In a season in which labor shortages reduced many of Vail’s Midwest and New Hampshire ski areas to husks, this – along with $175 million investment in labor for 2022-23 – was a good-faith signal that skiers could hope for a full-send season on their Epic Passes next year (even if they didn’t happen to live within driving distance of Breckenridge, Vail’s long-time late-season designate).
It’s a good start. 21-9 is a better showing than 20-2, but Vail could still do better. Epic Pass holders are skunked in Utah even as all four Cottonwoods resorts are still lit up. It’s hard to believe that there aren’t a few pods of terrain among Park City’s 330 trails that can’t be kept live into May. Vail’s efforts throughout the remainder of its western footprint are strong, but the company could do a lot better in the east. There are still three ski areas open in New York – why is Hunter closed? It has one of the best snowmaking systems anywhere, and the mountain should always compete with the state-owned ski areas (Gore, Belleayre, and Whiteface, all of which remain open), for last-to-close honors.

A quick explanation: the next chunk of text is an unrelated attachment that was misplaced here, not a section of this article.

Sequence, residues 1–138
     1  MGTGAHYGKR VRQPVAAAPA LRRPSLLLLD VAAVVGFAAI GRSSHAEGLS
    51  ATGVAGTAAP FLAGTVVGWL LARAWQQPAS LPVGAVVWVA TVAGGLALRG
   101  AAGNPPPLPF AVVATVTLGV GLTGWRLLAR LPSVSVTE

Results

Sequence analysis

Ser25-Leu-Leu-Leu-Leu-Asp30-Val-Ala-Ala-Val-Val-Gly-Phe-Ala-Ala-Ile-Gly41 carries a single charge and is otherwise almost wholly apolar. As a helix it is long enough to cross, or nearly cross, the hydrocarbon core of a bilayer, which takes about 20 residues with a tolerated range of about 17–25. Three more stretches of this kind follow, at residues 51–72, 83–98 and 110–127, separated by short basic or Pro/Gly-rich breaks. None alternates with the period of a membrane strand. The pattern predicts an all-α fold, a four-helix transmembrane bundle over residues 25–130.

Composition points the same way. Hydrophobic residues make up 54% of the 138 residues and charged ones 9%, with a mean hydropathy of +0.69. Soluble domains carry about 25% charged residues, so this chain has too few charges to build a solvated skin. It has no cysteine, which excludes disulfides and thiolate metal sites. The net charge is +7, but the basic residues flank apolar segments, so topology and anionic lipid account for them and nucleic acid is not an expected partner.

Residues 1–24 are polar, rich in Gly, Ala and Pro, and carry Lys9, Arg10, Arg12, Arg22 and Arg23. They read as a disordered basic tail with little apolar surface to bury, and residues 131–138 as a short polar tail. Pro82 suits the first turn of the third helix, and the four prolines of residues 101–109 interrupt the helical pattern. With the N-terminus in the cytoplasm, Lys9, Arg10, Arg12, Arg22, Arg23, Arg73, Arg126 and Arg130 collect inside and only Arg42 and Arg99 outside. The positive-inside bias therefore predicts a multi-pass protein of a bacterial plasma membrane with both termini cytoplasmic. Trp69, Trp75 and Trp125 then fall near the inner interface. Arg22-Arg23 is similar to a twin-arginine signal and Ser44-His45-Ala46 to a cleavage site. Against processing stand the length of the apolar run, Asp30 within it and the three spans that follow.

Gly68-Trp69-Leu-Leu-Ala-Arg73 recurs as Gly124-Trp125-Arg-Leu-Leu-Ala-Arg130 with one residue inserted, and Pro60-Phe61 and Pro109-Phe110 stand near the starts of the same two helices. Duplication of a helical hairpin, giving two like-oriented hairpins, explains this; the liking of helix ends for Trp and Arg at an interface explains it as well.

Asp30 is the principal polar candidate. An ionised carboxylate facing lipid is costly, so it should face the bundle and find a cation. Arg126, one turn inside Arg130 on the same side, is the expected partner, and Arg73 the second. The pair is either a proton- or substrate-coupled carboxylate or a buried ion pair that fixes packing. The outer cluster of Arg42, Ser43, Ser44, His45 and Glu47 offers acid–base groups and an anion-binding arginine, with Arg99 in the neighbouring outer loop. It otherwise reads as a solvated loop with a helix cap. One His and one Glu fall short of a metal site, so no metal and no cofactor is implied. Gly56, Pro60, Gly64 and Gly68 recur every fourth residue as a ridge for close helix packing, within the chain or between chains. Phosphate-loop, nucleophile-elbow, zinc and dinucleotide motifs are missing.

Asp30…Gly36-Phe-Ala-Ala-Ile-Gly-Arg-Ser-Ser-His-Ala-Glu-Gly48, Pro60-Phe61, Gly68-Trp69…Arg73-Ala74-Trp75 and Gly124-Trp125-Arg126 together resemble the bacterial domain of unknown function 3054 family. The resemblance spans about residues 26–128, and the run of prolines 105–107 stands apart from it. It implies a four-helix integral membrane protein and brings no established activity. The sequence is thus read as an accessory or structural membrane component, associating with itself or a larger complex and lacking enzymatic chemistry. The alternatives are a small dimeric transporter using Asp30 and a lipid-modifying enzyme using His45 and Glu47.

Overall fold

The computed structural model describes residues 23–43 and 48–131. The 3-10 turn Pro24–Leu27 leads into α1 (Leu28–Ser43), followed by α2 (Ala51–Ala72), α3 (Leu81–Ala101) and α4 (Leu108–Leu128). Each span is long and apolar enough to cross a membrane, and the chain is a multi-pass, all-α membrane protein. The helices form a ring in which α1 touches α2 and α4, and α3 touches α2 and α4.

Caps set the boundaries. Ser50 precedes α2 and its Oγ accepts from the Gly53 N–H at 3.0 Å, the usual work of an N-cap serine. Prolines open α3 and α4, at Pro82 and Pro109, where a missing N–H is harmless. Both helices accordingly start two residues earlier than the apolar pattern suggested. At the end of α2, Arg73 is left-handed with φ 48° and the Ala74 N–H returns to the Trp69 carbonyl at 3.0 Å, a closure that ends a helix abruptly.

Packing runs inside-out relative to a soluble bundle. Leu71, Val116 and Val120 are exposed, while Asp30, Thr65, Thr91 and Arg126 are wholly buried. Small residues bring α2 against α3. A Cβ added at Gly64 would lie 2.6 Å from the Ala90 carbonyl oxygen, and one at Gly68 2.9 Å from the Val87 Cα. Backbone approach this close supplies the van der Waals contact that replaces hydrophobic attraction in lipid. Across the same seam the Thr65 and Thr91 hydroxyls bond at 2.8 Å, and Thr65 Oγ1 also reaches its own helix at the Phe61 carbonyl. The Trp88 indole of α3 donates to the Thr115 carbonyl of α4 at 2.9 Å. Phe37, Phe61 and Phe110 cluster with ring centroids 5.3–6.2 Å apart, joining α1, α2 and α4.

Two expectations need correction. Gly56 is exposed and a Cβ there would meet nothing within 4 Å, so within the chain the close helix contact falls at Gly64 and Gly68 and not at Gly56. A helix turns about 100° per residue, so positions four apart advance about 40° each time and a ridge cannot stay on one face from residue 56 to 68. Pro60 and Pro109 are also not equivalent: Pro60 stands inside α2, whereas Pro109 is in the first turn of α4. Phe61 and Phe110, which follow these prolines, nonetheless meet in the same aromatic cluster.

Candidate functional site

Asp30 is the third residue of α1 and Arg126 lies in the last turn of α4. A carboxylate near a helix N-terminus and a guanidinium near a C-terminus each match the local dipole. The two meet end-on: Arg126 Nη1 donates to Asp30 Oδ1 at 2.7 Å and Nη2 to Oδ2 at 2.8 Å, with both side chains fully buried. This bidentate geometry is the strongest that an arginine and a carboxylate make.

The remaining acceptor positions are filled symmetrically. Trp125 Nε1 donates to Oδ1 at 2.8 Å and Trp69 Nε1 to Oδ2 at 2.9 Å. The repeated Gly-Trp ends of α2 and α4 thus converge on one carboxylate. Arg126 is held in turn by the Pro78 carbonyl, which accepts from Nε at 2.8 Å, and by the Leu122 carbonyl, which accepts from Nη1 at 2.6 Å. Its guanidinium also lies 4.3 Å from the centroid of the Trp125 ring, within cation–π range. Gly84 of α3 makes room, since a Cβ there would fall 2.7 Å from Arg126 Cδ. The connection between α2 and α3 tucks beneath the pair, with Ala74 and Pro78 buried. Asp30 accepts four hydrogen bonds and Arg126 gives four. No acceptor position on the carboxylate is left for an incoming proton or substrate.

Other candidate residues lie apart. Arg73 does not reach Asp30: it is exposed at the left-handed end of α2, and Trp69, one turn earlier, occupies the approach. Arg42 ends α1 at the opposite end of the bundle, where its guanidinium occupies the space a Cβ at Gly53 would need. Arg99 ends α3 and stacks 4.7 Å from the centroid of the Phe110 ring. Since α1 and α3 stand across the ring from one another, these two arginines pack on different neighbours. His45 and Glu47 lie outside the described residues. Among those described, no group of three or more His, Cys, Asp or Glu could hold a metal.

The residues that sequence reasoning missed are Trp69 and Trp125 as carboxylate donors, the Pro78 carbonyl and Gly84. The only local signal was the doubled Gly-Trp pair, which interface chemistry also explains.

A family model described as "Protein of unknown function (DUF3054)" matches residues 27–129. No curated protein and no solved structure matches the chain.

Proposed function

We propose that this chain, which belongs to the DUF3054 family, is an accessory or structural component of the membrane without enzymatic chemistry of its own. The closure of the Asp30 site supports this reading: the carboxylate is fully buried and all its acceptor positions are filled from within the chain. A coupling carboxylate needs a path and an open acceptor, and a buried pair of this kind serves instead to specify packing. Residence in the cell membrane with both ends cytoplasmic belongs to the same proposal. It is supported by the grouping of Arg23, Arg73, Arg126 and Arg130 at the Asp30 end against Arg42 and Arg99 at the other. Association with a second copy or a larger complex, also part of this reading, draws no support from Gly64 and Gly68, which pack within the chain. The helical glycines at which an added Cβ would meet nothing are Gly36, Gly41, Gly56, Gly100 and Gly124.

In New England, Mount Snow is a terrible choice for a late closer. It’s a nice mountain, and it may have the best snowmaking system on the planet, but it’s too far south to compete against Vermont’s other late-season operators: Killington, Sugarbush, and Jay Peak, which have 49, 22, and 49 trails open today, respectively, to Snow’s five. Why not Stowe, which claimed 225 inches this season, to Mount Snow’s 95 inches? Northern Vermont has a far more established ski-bum culture, and locals skin and ski Stowe for weeks after it closes. Yes, I know, Explains Why Everything Is Impossible Bro (my least-favorite bro, BTW), Stowe has been closing the third weekend in April since dinosaurs walked the earth. Who cares? Vail changes things at its mountains all the time. It could easily pivot Stowe to late-operator status. The company could also reinvigorate Wildcat, which was once a proud late-season reacher that has wilted in countless ways under Vail’s ownership.